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COLUMN ONE

Light on a Divided Church

Prodded by a black congregant and a white reverend, a 50-year stain of racism in the Seattle Presbytery is acknowledged at last.

October 29, 2003|Tomas Alex Tizon | Times Staff Writer

SEATTLE — Daisy Tibbs Dawson had been trying to tell the story for 50 years. No one seemed to care. The few who heard didn't believe.

Then along came this guy from California, the Rev. Boyd Stockdale. He wanted to know and Dawson poured it all out.

They made a curious silhouette as they walked the corridors of Madrona Presbyterian Church, where they met every Saturday for more than a year. He was white, tall and thin; she was black, short and round. They looked like a number 10. Their roles were clear: She spoke, he paid attention. In the end, an ugly chapter in the church's history was brought to light.

She told of how her congregation, the only black Presbyterian church in the Northwest, was nearly extinguished by a then all-white presbytery, the local governing body. The church was deceived, forced to integrate with a white congregation that didn't want it, and then neglected for five decades. The presbytery recently acknowledged its racism and publicly repented in a Service of Reconciliation.

"They hoped we would disappear," Dawson says plaintively.

She is 79 and the youngest of four black churchgoers still alive who lived through the upheaval. She has white hair and thick glasses that magnify attentive brown eyes. A polite smile belies her descriptions of "feeling hurt for 50 years." She says pain, carried long enough, sometimes becomes part of the body.

At the moment, she's sitting around an old walnut table in a cramped conference room at the back of Madrona Presbyterian. The church is a second home to her, but before Madrona, she worshipped at another church in the city.

Dawson was 20 when she left her small town in Alabama to attend the University of Washington. She was a converted Presbyterian and naturally gravitated to Grace Presbyterian in the middle of a residential neighborhood in the Central area, one of the oldest sections of the city and at the time predominantly black.

The wood-frame church, worn but still sturdy, looked like just another house, only bigger. Between 40 and 50 people attended regularly, many of them transplants from the South. Dawson fit right in.

"We were like a big family," she says. There were impromptu potlucks with the whole neighborhood. It was the kind of place, she says, where "if you didn't show up Sunday morning, someone would check on you Sunday afternoon."

Then in 1953, a week before Easter Sunday, the presbytery announced the church was to be sold, and the members had one week to move to the all-white Madrona Presbyterian Church half a mile down the road.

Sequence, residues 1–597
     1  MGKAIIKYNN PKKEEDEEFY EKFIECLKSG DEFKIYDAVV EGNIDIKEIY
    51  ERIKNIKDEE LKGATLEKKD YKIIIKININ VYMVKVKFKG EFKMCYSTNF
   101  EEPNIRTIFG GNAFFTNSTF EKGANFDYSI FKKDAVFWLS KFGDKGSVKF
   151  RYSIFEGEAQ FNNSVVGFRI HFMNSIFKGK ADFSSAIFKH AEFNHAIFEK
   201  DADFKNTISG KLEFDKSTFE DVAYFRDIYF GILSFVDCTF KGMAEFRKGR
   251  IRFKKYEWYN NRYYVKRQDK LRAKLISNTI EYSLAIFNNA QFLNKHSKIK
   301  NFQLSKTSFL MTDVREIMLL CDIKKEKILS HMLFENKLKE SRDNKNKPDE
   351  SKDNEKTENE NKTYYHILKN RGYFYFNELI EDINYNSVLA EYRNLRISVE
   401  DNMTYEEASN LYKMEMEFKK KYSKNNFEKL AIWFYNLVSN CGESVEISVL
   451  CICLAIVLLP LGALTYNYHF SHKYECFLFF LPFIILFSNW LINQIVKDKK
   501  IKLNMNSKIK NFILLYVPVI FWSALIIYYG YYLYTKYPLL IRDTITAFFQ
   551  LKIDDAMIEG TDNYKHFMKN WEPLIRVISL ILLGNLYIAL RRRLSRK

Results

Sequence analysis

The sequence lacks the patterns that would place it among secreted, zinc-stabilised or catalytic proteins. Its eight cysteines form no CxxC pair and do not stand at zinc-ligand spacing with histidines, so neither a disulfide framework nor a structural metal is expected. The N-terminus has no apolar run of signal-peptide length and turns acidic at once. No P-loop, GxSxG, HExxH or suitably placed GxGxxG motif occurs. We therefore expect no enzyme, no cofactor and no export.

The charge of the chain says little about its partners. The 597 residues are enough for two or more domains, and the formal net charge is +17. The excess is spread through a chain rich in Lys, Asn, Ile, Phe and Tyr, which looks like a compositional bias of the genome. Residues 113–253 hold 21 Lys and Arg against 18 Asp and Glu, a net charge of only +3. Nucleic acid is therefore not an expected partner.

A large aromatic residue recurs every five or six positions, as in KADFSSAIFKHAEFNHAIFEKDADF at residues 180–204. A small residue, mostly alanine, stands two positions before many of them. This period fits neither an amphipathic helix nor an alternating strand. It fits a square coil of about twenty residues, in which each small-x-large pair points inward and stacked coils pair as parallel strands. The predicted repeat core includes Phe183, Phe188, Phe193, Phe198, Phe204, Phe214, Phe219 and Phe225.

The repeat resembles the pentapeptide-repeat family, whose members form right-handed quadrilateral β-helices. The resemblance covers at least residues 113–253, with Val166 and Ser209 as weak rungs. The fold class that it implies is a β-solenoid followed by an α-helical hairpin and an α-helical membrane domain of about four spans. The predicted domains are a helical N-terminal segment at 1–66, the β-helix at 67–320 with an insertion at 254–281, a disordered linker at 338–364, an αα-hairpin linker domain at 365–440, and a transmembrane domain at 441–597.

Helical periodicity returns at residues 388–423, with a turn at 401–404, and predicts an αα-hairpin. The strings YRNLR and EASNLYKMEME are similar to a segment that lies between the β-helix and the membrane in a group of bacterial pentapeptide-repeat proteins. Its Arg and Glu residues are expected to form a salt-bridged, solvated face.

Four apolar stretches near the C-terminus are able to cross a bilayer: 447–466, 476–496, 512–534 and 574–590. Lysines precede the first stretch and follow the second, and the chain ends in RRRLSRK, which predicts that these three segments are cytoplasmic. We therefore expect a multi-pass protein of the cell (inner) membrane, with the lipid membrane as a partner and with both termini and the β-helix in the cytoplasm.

"We were shocked. We couldn't believe it," Dawson says. "Nobody talked to us beforehand, nobody asked us, prepared us. We were just told, 'This is what's going to happen.' Nobody said why."

As stunned members asked questions, the presbytery said it was being done for the purpose of integration.

To placate Grace members, the presbytery made two promises: The proceeds of the sale of Grace would be used to improve Madrona, and Grace's black pastor, the Rev. Ray Day, would become co-pastor of the newly integrated church.

Integration at Madrona lasted about a month.

Thelma Ross, 82, a tall woman with heavy-lidded eyes and a slow, halting way of talking, recalls the first Sunday at Madrona. She and her husband, Fordie, 89, were among the first Grace members to arrive. Everybody was polite, white and black, but it was a nervous politeness marked by furtive glances. Few spoke.

"We looked around and it was packed," Ross says. "The next Sunday we saw a lot of the whites had gone, and the next Sunday after that they were almost all gone. Little by little. They never came back."

In what seemed an instant, Madrona had become a black church, and the new congregants soon realized they'd inherited a sagging building. The roof was in bad shape, leaking in numerous spots. One member described the raindrops hitting all the pails scattered in the church as sounding "like Jamaican steel drums."

The money from the sale of Grace -- $6,000 -- never came. Instead, the presbytery used it to help buy land for a new church on Mercer Island, a suburban islet in the middle of Lake Washington, a few miles away.

Day was never reassigned to Madrona. He moved to Chicago and died in 1991. Fordie Ross recalls the day when the presbytery refused Day's transfer. "I've seen a lot of people cry," he says, "but I've never seen anybody cry as Ray Day cried."

For decades, the black congregation at Madrona was led by white ministers who, congregants say, didn't understand them or take them seriously.

Members told a number of the ministers what happened in 1953 in the hopes of receiving an apology or even just an acknowledgment from the presbytery that what was done to Grace was wrong. But nothing ever came of those exchanges.

The tone was set early in the relationship between pastor and congregation.

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